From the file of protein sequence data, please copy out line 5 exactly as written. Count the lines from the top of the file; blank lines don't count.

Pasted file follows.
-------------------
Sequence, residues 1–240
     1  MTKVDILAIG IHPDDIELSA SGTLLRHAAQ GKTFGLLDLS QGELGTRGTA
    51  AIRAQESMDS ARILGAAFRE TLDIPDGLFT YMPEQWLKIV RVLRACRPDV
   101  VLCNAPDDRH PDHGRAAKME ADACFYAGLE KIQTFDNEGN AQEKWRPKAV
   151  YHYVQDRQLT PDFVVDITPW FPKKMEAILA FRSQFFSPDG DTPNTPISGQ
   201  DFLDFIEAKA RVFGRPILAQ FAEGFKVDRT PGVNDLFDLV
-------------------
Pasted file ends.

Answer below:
   151  YHYVQDRQLT PDFVVDITPW FPKKMEAILA FRSQFFSPDG DTPNTPISGQ